**************************In 1954, Congress added the words under God to the Pledge. The Pledge became not only a formal oath but a public prayer. The blending and bonding of allegiance to state is thusly cemented to belief in God. A holy alliance?
CAMP WISH LIST
The "On Fire" Lesley Camp is constantly striving to fulfill our Charge. The following items are on our 'wish list'. If you can help or know someone who can...please contact any of the officers.
Brother Martin's column will not appear this month as his computer is out of commission.
From the Adjutants Desk:
The John T. Lesley Camp 1282, Sons of Confederate Veterans Muster Roll for the month of May 2003 registers 162 true compatriots and 22 loyal legionnaires.
We would like to welcome the latest members to the Camp:
Scott D. Rose Pvt. Salathiel W. Kynerd
Co. C, 2nd MS Cav. Reg.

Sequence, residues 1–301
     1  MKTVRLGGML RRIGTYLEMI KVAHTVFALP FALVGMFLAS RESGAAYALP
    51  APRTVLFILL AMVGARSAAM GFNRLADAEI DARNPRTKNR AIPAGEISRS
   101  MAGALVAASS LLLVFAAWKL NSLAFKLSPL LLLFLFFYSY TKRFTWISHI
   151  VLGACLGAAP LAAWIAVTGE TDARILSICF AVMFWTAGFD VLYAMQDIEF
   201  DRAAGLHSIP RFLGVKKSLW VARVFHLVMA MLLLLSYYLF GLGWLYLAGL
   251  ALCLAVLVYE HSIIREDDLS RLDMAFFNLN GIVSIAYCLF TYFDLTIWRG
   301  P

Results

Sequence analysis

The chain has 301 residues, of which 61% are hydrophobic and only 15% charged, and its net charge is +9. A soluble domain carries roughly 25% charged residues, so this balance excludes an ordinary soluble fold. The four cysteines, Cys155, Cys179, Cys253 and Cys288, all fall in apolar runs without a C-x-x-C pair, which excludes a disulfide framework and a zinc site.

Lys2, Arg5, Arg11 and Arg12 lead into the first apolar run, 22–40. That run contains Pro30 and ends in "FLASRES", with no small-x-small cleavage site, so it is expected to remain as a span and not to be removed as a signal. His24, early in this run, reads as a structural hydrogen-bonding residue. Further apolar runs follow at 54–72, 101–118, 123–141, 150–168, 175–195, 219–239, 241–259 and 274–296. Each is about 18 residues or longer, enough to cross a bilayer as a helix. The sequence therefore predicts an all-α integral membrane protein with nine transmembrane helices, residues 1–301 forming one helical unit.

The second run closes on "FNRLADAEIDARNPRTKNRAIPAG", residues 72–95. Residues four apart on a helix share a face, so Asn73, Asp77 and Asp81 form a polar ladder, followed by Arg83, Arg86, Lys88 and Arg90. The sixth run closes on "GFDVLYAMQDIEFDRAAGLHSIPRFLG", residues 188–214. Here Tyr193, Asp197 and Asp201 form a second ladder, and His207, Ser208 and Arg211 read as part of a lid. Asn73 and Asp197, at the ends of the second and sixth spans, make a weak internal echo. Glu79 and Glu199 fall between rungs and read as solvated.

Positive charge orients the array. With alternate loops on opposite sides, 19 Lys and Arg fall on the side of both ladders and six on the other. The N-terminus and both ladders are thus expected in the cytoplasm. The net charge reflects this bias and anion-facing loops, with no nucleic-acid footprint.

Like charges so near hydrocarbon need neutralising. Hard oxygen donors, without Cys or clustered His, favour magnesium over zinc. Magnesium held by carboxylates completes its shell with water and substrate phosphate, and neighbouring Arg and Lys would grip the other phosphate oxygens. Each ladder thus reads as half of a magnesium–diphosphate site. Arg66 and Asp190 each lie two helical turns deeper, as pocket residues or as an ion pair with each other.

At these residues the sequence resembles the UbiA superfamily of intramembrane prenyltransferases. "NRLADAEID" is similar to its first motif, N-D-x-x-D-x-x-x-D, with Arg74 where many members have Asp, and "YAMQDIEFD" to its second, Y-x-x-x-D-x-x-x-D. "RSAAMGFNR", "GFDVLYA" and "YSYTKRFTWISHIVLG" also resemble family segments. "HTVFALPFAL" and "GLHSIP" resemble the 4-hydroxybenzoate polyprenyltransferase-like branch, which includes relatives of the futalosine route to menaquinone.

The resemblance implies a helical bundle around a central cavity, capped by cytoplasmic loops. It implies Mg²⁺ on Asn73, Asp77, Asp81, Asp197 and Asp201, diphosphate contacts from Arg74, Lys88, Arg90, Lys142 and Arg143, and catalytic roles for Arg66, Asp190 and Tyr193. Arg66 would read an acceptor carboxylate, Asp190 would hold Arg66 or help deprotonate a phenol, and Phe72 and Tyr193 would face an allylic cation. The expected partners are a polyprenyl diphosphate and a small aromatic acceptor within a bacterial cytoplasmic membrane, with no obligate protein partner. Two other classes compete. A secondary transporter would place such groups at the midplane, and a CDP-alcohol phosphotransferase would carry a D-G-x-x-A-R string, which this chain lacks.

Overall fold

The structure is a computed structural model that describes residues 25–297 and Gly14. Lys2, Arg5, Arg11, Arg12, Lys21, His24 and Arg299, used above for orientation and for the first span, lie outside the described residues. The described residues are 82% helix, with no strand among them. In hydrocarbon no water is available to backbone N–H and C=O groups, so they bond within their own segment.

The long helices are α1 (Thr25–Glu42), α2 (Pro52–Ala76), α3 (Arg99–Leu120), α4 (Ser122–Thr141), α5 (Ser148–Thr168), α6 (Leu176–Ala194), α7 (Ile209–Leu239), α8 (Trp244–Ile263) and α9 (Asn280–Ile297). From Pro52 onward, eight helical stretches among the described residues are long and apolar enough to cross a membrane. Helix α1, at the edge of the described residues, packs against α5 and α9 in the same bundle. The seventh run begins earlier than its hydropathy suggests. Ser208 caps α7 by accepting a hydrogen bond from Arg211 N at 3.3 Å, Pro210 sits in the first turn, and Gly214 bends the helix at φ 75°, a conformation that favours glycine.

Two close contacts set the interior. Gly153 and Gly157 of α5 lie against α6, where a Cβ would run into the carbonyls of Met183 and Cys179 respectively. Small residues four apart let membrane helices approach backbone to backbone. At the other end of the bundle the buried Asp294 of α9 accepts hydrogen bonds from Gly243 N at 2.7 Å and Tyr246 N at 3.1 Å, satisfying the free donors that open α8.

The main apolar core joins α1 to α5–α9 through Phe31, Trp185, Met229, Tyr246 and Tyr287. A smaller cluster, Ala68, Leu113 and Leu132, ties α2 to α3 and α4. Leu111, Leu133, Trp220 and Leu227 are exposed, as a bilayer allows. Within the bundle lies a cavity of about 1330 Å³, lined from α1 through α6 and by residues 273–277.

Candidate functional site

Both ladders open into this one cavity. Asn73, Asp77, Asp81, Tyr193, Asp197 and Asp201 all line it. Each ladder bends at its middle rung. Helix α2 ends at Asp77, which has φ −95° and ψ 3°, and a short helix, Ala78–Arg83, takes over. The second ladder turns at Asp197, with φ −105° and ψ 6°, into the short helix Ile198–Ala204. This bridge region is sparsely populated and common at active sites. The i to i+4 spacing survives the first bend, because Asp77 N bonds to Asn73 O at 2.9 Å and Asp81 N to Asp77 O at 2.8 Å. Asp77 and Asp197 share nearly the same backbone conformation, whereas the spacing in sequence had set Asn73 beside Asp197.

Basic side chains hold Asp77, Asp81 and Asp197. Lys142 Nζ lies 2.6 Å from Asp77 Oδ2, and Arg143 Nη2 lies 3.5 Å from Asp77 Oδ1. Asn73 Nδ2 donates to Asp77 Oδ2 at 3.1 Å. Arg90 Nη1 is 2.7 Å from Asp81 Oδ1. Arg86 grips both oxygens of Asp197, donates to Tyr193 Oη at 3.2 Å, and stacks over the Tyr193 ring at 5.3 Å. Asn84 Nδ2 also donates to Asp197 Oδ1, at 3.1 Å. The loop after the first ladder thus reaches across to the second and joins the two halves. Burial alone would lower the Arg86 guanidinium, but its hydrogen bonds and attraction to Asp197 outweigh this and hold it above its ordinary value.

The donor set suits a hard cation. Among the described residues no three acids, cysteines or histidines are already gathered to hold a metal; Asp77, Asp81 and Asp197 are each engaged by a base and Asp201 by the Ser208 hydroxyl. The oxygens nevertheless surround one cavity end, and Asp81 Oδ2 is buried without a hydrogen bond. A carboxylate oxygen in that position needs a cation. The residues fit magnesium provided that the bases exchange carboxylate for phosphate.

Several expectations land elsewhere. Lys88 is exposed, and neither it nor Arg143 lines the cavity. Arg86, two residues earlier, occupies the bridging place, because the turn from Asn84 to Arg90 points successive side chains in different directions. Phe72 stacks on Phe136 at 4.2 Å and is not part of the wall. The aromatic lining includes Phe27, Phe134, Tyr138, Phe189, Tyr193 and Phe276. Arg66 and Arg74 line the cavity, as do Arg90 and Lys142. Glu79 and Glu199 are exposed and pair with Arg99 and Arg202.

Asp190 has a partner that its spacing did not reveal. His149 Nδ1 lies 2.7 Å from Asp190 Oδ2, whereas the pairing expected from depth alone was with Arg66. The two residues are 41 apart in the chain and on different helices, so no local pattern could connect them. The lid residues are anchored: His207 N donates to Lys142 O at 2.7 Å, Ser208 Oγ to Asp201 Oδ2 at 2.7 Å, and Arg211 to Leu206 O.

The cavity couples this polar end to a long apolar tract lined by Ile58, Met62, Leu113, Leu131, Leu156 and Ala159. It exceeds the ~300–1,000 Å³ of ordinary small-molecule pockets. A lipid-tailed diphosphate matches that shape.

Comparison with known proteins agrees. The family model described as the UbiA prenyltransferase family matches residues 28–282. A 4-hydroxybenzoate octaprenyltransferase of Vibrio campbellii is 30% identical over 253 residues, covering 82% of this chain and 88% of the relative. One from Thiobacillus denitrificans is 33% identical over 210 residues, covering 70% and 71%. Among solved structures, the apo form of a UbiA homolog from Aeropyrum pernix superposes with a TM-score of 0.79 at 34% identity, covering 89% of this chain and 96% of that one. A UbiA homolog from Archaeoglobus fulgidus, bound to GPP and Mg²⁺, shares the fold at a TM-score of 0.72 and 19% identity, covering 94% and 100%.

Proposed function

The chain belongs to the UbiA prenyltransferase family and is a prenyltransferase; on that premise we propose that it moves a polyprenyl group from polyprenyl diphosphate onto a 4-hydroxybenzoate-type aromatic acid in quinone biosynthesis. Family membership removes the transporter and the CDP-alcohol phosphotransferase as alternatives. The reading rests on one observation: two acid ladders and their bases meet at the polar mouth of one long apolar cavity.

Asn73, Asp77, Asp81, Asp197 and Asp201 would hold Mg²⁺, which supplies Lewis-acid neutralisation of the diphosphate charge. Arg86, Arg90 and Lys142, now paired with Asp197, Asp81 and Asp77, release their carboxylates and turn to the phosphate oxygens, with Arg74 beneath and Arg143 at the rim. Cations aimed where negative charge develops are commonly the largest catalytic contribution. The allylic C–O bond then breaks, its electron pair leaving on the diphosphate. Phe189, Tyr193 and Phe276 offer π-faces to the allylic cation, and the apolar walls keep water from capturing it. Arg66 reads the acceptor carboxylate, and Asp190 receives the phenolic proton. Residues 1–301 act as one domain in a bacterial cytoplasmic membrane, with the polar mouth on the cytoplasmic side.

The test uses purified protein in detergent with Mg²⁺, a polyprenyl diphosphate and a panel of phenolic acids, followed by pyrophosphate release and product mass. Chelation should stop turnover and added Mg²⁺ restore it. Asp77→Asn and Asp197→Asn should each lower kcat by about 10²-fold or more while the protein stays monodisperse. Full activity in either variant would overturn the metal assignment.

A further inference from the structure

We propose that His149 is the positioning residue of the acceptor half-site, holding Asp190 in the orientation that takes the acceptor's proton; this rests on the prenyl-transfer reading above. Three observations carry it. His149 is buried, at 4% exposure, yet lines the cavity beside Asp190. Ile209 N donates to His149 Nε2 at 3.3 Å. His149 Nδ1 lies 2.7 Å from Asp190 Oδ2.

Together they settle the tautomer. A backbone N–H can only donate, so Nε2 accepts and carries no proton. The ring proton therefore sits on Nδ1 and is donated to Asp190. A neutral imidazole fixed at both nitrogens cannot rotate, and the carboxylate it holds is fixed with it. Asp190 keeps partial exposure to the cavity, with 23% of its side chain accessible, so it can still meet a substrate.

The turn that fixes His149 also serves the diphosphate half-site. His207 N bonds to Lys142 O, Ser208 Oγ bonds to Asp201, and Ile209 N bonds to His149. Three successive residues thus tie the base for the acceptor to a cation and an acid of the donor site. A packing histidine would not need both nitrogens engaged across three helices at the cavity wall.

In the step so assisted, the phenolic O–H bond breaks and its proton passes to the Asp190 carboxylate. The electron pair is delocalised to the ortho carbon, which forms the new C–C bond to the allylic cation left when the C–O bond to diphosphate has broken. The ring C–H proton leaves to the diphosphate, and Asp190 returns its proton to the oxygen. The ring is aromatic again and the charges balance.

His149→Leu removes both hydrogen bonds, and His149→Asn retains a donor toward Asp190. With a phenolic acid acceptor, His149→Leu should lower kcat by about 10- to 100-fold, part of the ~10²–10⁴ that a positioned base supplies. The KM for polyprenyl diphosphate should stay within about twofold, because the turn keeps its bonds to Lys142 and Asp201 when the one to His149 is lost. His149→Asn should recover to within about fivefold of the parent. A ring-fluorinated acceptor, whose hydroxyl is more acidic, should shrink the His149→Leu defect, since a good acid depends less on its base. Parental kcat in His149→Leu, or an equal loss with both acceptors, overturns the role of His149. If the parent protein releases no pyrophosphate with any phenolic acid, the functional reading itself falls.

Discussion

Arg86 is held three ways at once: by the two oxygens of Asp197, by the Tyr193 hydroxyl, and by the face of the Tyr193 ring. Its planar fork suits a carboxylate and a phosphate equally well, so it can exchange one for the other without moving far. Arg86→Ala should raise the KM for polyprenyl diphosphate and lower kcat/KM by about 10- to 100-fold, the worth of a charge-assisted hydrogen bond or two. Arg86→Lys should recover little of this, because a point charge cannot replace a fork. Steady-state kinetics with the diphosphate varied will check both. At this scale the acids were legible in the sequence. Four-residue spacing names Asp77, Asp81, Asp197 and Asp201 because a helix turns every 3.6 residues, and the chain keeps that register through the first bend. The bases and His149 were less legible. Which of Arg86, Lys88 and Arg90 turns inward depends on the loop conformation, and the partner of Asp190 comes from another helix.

Steven D. Woody Pvt. Jackson G. Dake
The magnificent 8½ x 14 fully embossed framed color Certificate of Appreciation signed by all members of the officer's corps will be presented to the conscientious camp members that returned the filled-out application and fee of a eligible confederate descendant. The cutoff date for this award was April 30th, 2003. The two camp members that will be granted this award are:
2nd Lt. Cmdr. Michael S. Herring
Please do not hesitate in contacting me about camp business or to process membership paperwork through the Adjutants office at the numbers listed below, at our camp meeting place, or other appropriate places not in the public domain. Due to special circumstances it is requested that all telephoning be conducted between the hours of 10 AM and 9 PM Monday through Saturday.
Col. Dwight Tetrick, Adjutant